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Mandatory sentences created a crisis

By Lester Abberger and Deborah Fleischaker

Publication Date: April 23, 2010, Tallahassee Democrat

Saddled with severe injuries from a car accident and struggling with multiple sclerosis, Richard Paey used high doses of prescription drugs to dull the pain. When his Florida physician refused to prescribe them, he turned to a former doctor in New Jersey who mailed him undated prescription painkillers for two years.

This supply was ultimately uncovered by the Pasco County sheriff's department, and Paey was charged with and convicted of drug trafficking. He was sentenced to a mandatory 25 years in prison, even though he was a first-time, nonviolent offender trying to cope with his pain. He served three years before Gov. Charlie Crist granted him a full pardon in 2007, stating that "we aim to right a wrong."

While Richard Paey was released from prison early, others are not so lucky. Scott Earle began using, then abusing, painkillers after an injury. He later became a middleman between an illegal seller and a friend he was trying to help who turned out to be an undercover officer.

Though Earle was a first time, nonviolent offender who made no money from arranging others' transactions, he was sentenced to 25 years in prison under Florida's mandatory minimum laws. For the past 11 years, Scott Earle has found little consolation in the fact that the judge who sentenced him declared, "This punishment does not fit the crime."

Florida's mandatory minimum sentences are among the harshest in the country, particularly those for "trafficking" prescription opiates such as Vicodin and Oxycodone.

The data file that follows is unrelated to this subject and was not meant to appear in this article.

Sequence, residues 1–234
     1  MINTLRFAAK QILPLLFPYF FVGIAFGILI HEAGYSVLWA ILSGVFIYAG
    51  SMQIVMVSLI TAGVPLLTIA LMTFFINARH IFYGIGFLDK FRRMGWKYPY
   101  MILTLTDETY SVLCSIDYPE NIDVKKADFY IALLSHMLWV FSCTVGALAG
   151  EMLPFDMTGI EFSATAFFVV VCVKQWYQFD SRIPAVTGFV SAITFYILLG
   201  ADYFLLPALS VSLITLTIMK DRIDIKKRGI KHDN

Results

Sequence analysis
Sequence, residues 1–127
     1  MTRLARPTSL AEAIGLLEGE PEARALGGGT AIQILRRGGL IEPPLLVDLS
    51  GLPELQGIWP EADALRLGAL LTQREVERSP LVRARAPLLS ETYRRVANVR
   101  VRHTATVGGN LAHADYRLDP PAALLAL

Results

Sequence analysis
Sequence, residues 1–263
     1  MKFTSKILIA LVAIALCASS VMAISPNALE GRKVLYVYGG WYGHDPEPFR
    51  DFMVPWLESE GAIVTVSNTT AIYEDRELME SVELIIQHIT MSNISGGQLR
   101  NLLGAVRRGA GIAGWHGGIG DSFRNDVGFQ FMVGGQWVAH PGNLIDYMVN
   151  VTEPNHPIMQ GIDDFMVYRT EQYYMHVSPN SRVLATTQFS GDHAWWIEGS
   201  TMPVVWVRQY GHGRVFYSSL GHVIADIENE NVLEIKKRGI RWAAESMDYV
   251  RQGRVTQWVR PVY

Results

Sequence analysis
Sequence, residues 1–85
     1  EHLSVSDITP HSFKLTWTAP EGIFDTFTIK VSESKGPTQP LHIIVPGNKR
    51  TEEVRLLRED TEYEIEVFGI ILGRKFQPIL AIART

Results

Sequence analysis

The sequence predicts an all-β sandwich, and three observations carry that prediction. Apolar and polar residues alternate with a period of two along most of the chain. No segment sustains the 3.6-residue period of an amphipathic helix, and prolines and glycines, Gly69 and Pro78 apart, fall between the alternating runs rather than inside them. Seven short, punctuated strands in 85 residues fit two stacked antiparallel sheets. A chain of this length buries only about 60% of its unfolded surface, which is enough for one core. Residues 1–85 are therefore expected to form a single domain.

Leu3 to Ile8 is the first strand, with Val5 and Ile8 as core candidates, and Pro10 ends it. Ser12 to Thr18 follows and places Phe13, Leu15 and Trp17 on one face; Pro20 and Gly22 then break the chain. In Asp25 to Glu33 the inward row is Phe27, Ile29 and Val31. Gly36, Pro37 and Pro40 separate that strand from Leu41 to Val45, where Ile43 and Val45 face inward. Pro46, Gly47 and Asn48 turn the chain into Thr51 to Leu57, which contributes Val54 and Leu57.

For example, being convicted of illegally possessing more than 28 grams of prescription drugs (approximately the weight of half of a candy bar) requires a minimum sentence of 25 years in prison, regardless of extenuating circumstances.

While some people clearly should serve prison time for their drug crimes, too many people currently receive prison terms when they should instead be getting treatment. The costs of continuing along this path are staggering.

There were almost 100,000 people in Florida's prison system as of June 2008 — an almost 20- percent increase from five years earlier. Florida's prison system consumed 9.3 percent of the entire state budget in 2007. In 1987, for every dollar spent on higher education, the state of Florida spent 34 cents on corrections. Today, it's 66 cents.

Many lawmakers, both Republican and Democrat, are already interested in sentencing reform. The pressure that corrections costs are placing on the budget has attracted new faces to the fight.

Florida TaxWatch issued a report on how the Florida government can save money. Included in its recommendations were a host of criminal justice reforms that would expand alternatives to incarceration, protect public safety, and save the state millions of dollars.

And just last month, the Collins Center for Public Policy, working with the state's business community, issued "Smart Justice," with recommendations for fixing Florida's bloated and unfair criminal justice system. Among the recommendations? Implement cost-saving reforms, including diverting nonviolent offenders from prison, revising penalties for low- level drug offenders, and, yes, revisiting mandatory minimums. Florida would be wise to heed these suggestions.

Why are mandatory minimums in their sights? Florida's prison population is growing faster than that of any other state, and if current prison population growth continues unabated, Florida will need to build as many as 19 new prisons over the next five years. It costs an average of $20,100 a year to house a state prisoner in Florida. The 5,859 people serving mandatory minimum drug sentences in Florida prisons cost our taxpayers more than $117 million each year. The state can and should do better.

In short, Florida is going to have to address its corrections crisis. Any comprehensive solution must include mandatory minimum reform as a front- end, permanent fix that will save taxpayer dollars and improve the administration of justice without compromising public safety.


Lester Abberger of Tallahassee is on the national board of Horizon Communities in Prisons. Contact him at lesterabberger@nettally.com.

Deborah Fleischaker of Washington, D.C., is director of state legislative affairs for Families Against Mandatory Minimums. Contact her at dfleischaker@famm.org.

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